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    3. BrE (Scot, 60+). Before printers were commonplace, we had a “letraset girl” in our office for producing neat graphs and diagrams. This is the first time that I have come across the word decal, but would have guessed the pronunciation DAYcal.

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  13. I (BrE, late 40s) understand decal as a sticker-type thing. Here is a thread where some British people are talking about restoring a bicycle and use decal for stickers for both bikes and cars:
    http://citycyclingedinburgh.info/bbpress/topic.php?id=20312&page=2

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  14. As a Canadian, I pronounce it as "deckul". In fact as a child I remember distinctly thinking that the American pronunciation was of a type with "gee-tar", cee-gar" and "Eye-rak". It just shows you how kids can become language snobs at a young age fed by knee -jerk resistance to the steamroller next door. All along Canadians seem to be the outlier and we have clung to our pronunciation. But Lynne, are there any other English speaking countries who pronounce decal as do we Canadians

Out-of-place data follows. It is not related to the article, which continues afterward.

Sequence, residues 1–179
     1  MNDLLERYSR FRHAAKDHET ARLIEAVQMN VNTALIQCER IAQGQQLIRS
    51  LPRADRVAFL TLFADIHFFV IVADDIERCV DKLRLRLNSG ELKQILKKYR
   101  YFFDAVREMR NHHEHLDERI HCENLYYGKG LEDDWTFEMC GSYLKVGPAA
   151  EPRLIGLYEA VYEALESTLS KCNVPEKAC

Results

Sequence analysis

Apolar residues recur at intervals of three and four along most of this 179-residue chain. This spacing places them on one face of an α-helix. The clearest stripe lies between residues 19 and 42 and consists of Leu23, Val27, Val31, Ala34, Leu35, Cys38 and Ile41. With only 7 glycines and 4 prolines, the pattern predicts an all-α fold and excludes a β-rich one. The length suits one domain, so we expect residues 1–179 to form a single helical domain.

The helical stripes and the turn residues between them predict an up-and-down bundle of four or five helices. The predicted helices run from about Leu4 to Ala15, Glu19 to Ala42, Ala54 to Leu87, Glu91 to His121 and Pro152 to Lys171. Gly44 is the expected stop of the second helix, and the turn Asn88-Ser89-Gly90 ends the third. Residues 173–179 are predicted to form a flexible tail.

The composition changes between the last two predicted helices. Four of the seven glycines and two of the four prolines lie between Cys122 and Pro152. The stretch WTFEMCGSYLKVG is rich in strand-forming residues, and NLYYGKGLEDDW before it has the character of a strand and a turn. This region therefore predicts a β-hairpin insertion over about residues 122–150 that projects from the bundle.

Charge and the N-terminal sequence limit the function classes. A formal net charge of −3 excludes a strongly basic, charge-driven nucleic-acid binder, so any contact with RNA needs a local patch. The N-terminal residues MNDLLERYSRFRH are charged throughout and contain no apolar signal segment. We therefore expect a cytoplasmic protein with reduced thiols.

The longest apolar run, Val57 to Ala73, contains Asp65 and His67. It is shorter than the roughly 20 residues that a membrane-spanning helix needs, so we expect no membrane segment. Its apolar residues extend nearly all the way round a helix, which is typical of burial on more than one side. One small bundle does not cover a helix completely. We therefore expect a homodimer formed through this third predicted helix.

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    1. That's outside my expertise. You can try YouGlish (there are some Americans pronouncing it like that there)

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  15. I (AmE, California) say DEE-cal, and I wouldn't use it to describe something transferred to fabric.

    A few years ago--oops, I see now that it was 12 years ago--I learned the connection between "cockamamie" and "decal." https://nancyfriedman.typepad.com/away_with_words/2008/10/word-of-the-week-cockamamie.html

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  16. Which of the four definitions did John Wells mean ?